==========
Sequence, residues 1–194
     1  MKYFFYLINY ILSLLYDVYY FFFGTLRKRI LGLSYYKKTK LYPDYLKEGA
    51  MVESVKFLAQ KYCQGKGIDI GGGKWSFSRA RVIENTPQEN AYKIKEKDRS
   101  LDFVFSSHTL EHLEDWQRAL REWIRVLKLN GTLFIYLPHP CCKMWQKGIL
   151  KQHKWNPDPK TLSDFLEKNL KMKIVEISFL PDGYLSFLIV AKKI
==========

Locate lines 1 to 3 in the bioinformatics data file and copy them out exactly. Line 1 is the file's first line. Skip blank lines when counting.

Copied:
Sequence, residues 1–194
     1  MKYFFYLINY ILSLLYDVYY FFFGTLRKRI LGLSYYKKTK LYPDYLKEGA
    51  MVESVKFLAQ KYCQGKGIDI GGGKWSFSRA RVIENTPQEN AYKIKEKDRS